It’s important to make sure you taper the dose when taking your dog off of Prednisone or Prednisolone. This is to help avoid adverse side effects and also wean the body off of the drug so that diseases do not relapse. This is especially important with autoimmune disorders like immune mediated thrombocytopenia (ITP).
ITP is a condition where your dog’s body has a low level of platelets as a result of the immune system attacking them. Platelets are small blood cells that aid in your dog’s ability to clot. The immune system mistakes them for foreign invaders and kills them off leading the dog to have bleeding disorders. Another side note is to start lower with large breed dogs because they tend to be more sensitive to Prednisone/Prednisolone.
Side Effects of Prednisone in Dogs
Depending on how long the dog is on the medication will increase or decrease the risk of adverse effects. Some of these adverse effects include excessive thirst, panting, increased hunger, and increased urination.
In extreme cases vomiting, diarrhea, and behavioral changes. Prednisone/Prednisolone should only be used short term because long term usage can lead to other issues and diseases like Diabetes, and Cushing’s (hyperadrenocorticism) disease.
It is also more likely for your dog to have heart problems. When a dog takes steroids for a prolonged time it can cause the liver to become resistant to insulin, resulting in blood sugar spikes. Oral steroids mimic your dog’s natural steroid, but if too much is given it can cause Cushing’s disease (hyperadrenocorticism).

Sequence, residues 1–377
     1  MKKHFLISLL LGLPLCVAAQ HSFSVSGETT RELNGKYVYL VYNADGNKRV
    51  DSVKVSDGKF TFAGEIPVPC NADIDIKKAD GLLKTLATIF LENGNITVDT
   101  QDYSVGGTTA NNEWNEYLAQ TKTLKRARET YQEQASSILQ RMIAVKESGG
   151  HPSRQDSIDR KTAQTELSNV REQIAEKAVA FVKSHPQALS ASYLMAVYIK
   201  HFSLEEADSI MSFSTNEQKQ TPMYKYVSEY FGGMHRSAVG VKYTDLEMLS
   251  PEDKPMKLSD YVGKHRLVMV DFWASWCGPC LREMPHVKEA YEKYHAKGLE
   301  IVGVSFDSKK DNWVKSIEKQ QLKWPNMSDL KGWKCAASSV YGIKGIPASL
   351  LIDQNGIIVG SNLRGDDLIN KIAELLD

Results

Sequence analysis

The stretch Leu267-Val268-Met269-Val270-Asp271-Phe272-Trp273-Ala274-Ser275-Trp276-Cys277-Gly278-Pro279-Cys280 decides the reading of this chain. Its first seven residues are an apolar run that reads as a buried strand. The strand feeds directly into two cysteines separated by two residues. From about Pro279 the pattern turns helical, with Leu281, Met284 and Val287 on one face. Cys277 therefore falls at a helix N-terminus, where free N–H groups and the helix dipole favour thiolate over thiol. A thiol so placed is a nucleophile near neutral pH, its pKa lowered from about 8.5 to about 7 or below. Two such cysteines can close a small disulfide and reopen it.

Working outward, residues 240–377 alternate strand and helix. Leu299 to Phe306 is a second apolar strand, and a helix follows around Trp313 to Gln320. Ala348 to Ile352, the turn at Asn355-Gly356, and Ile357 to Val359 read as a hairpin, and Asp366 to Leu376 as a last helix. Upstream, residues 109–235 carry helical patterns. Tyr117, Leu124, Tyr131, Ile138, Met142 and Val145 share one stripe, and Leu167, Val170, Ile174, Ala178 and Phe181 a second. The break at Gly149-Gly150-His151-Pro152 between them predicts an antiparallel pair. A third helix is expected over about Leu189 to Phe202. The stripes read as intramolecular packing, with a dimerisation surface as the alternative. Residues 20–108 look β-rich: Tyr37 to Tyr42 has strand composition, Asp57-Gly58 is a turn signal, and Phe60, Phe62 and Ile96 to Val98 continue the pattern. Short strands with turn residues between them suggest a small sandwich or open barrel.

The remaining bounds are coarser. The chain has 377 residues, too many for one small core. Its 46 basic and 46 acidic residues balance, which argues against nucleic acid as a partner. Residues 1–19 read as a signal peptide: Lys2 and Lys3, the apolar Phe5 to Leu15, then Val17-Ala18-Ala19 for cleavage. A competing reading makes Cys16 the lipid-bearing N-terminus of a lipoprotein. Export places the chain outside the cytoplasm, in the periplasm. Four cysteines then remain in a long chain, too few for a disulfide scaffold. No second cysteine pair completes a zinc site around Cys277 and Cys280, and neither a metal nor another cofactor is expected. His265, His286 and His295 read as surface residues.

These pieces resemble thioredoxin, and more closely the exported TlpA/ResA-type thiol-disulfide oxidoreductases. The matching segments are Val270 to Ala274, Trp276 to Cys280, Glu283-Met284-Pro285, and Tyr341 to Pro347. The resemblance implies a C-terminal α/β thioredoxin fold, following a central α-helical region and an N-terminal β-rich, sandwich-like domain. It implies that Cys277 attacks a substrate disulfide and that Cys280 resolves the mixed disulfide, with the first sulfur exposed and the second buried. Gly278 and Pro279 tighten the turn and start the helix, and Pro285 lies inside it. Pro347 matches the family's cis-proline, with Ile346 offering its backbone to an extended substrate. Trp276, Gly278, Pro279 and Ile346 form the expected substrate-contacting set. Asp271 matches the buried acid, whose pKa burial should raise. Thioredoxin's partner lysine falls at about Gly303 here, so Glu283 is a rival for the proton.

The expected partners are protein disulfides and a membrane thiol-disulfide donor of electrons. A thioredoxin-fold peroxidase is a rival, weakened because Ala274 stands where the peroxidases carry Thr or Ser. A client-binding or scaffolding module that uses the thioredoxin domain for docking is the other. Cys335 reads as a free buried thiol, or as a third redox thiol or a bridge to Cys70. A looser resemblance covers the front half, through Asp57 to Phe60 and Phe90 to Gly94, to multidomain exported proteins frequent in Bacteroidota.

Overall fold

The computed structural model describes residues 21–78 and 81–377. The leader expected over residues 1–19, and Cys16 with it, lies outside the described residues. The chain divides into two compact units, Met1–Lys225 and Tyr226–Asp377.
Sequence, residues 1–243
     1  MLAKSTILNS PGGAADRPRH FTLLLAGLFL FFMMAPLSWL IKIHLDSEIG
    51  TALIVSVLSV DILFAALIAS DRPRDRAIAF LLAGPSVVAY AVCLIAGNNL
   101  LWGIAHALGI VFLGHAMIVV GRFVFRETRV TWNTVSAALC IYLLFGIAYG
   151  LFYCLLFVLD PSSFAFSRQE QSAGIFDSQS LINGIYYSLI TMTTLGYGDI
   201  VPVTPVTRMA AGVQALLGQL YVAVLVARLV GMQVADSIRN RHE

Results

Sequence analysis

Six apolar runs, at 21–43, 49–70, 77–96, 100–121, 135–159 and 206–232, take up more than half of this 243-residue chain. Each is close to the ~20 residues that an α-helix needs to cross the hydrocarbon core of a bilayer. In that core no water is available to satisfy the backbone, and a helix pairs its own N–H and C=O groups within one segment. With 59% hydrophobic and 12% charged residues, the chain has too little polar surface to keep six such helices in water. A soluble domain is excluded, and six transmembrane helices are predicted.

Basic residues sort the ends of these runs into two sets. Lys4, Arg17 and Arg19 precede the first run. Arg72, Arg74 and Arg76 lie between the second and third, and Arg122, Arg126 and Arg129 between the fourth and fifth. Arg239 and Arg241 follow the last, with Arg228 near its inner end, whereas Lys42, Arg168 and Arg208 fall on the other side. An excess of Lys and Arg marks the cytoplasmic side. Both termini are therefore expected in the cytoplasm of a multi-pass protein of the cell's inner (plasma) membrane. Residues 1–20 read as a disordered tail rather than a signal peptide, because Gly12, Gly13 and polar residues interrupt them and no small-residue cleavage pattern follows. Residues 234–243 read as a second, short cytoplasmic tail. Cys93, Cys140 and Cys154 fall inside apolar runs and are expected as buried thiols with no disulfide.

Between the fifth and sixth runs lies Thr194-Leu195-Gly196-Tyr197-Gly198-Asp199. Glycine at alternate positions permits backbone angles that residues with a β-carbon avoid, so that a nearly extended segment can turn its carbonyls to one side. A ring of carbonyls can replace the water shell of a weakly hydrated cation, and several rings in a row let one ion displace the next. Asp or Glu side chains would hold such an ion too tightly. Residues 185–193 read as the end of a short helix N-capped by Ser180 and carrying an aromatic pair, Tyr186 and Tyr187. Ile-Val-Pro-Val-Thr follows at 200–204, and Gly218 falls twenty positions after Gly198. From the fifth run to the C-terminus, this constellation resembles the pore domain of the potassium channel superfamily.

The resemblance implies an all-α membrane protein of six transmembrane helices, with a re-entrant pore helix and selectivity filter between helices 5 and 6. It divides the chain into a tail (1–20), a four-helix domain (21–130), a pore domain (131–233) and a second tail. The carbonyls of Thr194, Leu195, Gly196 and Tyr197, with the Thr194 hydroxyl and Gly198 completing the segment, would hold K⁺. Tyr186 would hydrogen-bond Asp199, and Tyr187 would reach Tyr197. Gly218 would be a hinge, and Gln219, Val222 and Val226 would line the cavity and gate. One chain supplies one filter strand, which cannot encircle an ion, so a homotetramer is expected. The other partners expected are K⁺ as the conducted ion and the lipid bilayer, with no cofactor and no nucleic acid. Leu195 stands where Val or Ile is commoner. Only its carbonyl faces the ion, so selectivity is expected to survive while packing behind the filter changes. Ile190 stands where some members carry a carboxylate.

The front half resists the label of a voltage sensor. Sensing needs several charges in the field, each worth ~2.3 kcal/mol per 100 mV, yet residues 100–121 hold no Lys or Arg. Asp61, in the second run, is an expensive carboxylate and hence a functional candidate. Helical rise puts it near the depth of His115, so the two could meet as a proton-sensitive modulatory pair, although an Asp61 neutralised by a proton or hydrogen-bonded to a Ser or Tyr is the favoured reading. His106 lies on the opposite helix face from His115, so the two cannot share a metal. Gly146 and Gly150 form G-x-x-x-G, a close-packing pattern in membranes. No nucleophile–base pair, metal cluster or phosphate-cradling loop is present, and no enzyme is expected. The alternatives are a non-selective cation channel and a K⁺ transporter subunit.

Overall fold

Prolonged steroid use can cause heart issues because it often leads to high blood pressure. High blood pressure puts extra wear and tear on your dog’s heart making it more likely for heart disease to occur. It’s important to be aware of all these side effects especially if your dog is on long term use of steroids. If this is the case and is unavoidable then frequent work ups should be taken. This is to make sure your dog is not developing any iatrogenic (illness caused by treatment or individual) disease.
Drug Interactions to Be Aware Of
Whenever your dog goes on any medication it’s important to alert the veterinarian of their health history, and any current medications they are taking. This is because there are a few contraindications for certain drugs with Prednisone/Prednisolone. These drugs include insulin, non-steroidal anti-inflammatories, diuretics, Dexamethasone, Phenobarbital.